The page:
Harpswell Historical Society

Incorporated 1979

929 Harpswell Neck Road
Harpswell, Maine  04079

The Harpswell Historical Society is dedicated to the discovery, identification, collection, preservation, interpretation, and dissemination of materials relating to the history of Harpswell and its people.

Table of Contents

Historic Park 
and Museum

Links to 
related sites


Life in Harpswell Maine in the Early to Mid 1900's
Donald Coffin

By the Third, Fourth and Fifth Graders at
Harpswell Islands &
West Harpswell Schools

A 1997-98 Harpswell History Project

Gladys Abby Allen
Allen's Seafood
Henry Barnes
Alice Catlin
Donald Coffin
Daniel Darling
The Dead Ship of Harpswell
Clem Dunning
Judith Howard
Harpswell Hotels
Bernard Johnson
Roy Knight & Cliff Moody
Arnold LeMay
Arnold LeMay
Becky Longley
Currier McEwen
Rob Miller
Barbara Munsey
Don Rogers
Alice Swallow
Dick Westcott
Malcolm Whidden
Ken & Marge Wille
Mary Wilson
Mary & Eleanor Wilson
The Witch Of Harpswell
Gerry York

Donald Coffin

We interviewed Donald Coffin. He was born in Brunswick, Maine. He lived on Bailey Island for forty years. He had 3 brothers and 2 sisters. He was the oldest of all the siblings. Their home didn't have refrigeration, but they had electricity.

They refrigerated food with ice. They kept the ice in the icehouse in the summer. Mr. Coffin's profession was being an iceman. His father and uncle were also icemen. He started this job as a 12 year old, working with his uncle, It was a fun job, he said. They cut the ice in three foot by two-foot blocks. They pulled the ice up with ropes onto trucks. They then stacked up the ice in the icehouse. They put ten inches of sawdust on the ice to keep them cold. During the summer they would hose down the ice to get them apart from each other, After they were cleaned of sawdust they would take them from house to house to sell them. They charged customers either $.25 or $ .50 cents depending on the size. If anyone needed ice they would put a sign in the window for it. Mr. Coffin worked 2 -‑3 days a week at $2.00 per day. He saved his money to buy a bike. They used ice tongs to move the ice around. They cut the ice with a handsaw. Sometimes they had to lug the ice up to the 3rd floor.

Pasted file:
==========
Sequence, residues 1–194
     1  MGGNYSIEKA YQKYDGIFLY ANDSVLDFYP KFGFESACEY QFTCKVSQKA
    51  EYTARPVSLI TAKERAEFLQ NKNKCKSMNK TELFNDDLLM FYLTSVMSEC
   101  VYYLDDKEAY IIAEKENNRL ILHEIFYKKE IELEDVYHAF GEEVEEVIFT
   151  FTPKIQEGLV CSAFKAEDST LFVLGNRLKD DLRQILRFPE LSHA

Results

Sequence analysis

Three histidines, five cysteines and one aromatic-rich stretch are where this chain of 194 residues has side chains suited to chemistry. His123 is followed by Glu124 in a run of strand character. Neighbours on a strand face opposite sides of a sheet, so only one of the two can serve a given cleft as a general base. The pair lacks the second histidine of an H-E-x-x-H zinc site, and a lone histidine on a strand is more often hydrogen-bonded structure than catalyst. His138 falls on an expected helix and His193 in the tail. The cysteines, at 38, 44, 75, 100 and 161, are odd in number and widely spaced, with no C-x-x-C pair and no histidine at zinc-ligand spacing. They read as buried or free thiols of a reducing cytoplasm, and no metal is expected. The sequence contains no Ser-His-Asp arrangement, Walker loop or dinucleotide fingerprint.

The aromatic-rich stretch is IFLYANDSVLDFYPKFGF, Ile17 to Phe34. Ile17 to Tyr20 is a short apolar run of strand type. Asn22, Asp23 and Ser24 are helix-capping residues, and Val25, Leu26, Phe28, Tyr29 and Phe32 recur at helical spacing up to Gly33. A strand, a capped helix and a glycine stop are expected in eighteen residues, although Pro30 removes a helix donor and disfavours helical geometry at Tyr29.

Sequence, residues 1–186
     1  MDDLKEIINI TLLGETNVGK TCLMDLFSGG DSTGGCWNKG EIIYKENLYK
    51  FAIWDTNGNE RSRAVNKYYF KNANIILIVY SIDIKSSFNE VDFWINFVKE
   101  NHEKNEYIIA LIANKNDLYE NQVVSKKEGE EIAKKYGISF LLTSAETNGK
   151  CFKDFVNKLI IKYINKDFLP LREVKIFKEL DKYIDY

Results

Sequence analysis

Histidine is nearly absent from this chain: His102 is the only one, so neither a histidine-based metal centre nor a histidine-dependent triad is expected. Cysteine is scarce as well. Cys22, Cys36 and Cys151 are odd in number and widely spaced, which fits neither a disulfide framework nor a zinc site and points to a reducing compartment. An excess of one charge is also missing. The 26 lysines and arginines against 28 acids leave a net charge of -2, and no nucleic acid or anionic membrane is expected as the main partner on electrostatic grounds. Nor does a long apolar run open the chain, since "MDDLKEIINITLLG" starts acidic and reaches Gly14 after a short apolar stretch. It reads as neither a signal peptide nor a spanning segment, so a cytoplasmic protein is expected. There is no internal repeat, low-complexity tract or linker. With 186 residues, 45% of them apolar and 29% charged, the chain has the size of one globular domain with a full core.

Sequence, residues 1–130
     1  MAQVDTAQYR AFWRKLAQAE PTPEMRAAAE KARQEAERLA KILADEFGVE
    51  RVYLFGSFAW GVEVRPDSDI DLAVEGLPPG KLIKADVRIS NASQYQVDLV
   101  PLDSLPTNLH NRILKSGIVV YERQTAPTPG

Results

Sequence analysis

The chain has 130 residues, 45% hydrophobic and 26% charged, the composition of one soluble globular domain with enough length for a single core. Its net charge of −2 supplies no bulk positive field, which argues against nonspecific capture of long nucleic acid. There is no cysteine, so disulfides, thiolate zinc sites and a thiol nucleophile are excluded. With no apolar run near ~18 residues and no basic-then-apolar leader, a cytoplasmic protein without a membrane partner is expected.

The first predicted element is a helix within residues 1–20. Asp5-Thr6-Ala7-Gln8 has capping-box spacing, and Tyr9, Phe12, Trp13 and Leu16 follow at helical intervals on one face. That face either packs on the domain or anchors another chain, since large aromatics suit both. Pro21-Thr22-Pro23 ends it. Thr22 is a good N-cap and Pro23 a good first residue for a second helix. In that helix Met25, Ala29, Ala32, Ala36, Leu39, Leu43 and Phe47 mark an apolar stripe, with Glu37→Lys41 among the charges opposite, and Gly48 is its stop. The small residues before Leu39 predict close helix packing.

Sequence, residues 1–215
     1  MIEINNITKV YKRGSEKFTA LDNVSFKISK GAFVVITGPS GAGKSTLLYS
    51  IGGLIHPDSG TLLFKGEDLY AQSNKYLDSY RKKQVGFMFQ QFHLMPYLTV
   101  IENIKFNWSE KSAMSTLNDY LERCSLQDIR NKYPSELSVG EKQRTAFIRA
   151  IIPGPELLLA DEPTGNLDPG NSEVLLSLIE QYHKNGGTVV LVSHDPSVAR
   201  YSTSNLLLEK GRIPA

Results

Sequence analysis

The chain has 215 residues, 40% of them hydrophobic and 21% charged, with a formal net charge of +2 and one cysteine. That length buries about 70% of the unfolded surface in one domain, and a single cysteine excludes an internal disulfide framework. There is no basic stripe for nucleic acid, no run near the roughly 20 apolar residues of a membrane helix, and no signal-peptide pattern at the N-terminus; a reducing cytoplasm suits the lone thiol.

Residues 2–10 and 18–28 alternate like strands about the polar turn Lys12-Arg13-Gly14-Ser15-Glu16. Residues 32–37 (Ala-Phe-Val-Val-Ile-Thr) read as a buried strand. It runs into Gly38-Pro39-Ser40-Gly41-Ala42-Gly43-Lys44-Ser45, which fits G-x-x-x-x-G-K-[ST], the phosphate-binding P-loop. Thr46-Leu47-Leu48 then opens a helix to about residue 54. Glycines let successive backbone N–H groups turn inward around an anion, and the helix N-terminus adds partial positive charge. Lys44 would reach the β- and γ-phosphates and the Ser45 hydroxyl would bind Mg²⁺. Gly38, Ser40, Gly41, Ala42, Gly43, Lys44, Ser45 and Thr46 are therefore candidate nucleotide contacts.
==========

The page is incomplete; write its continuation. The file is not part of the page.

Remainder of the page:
Mr. Coffin had a garden and he grew lots of vegetables. His dad also had a big garden. They bought most of their food at the I.G.A. and A & P store.

The groceries cost about $20.00 a month. They did not have as much variety in their food and not much fruit in the winter.

He went to school in Brunswick, Maine. He went to a one-room school house. All the grades, K‑6 were in one classroom. There were between 15‑20 kids in the whole school. The good thing was that if you were in 2nd grade you could do 3rd grade work if you were ready. He said his teacher was very nice. He walked 3/4 of a mile to school everyday.

His job, after being an iceman, was being a truck driver. Truck driving could be dangerous, because of blizzards. Once the snowdrifts were as high as the telephone poles. Back then trucks and cars could not go as fast. Going 15 M.P.H. was considered fast.

For fun, Mr. Coffin and his family would do a lot of camping. They also did lots of skating. There were NO TVís! Living back then sounded like it was very different.